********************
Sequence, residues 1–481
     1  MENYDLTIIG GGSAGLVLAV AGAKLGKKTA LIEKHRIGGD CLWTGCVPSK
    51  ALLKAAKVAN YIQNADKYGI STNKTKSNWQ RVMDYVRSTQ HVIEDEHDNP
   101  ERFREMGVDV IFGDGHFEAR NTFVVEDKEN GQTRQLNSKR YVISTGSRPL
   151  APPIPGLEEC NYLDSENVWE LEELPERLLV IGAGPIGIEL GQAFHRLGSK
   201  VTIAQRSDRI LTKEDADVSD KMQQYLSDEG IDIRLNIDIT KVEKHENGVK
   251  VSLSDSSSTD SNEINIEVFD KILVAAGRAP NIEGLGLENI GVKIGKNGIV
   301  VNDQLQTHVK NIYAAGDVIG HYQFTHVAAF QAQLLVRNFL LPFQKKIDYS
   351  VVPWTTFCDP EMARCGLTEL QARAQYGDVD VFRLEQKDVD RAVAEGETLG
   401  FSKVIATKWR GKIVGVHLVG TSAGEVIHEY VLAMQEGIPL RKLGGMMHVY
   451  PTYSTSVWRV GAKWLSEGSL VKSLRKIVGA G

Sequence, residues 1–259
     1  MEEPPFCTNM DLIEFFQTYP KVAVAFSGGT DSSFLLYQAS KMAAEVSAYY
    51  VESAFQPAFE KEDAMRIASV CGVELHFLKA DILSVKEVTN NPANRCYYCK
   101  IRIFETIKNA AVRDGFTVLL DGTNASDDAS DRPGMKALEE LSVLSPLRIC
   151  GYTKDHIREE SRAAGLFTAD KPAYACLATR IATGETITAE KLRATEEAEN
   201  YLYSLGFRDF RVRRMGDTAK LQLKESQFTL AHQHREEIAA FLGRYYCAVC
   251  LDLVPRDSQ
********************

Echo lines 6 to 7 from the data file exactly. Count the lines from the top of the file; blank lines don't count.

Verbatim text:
   201  VTIAQRSDRI LTKEDADVSD KMQQYLSDEG IDIRLNIDIT KVEKHENGVK
   251  VSLSDSSSTD SNEINIEVFD KILVAAGRAP NIEGLGLENI GVKIGKNGIV